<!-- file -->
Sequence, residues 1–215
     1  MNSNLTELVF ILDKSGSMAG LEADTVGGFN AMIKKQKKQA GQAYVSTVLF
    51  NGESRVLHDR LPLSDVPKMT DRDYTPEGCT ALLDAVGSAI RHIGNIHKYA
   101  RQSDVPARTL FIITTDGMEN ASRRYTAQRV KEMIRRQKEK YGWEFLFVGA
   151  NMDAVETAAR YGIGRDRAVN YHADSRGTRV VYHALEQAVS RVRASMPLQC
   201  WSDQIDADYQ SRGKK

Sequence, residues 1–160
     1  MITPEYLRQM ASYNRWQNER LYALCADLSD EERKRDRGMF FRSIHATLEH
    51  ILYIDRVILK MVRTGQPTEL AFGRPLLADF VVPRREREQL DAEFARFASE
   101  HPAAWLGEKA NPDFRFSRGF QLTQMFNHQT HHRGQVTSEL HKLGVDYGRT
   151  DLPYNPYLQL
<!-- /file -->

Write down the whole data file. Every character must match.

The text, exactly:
Sequence, residues 1–215
     1  MNSNLTELVF ILDKSGSMAG LEADTVGGFN AMIKKQKKQA GQAYVSTVLF
    51  NGESRVLHDR LPLSDVPKMT DRDYTPEGCT ALLDAVGSAI RHIGNIHKYA
   101  RQSDVPARTL FIITTDGMEN ASRRYTAQRV KEMIRRQKEK YGWEFLFVGA
   151  NMDAVETAAR YGIGRDRAVN YHADSRGTRV VYHALEQAVS RVRASMPLQC
   201  WSDQIDADYQ SRGKK

Sequence, residues 1–160
     1  MITPEYLRQM ASYNRWQNER LYALCADLSD EERKRDRGMF FRSIHATLEH
    51  ILYIDRVILK MVRTGQPTEL AFGRPLLADF VVPRREREQL DAEFARFASE
   101  HPAAWLGEKA NPDFRFSRGF QLTQMFNHQT HHRGQVTSEL HKLGVDYGRT
   151  DLPYNPYLQL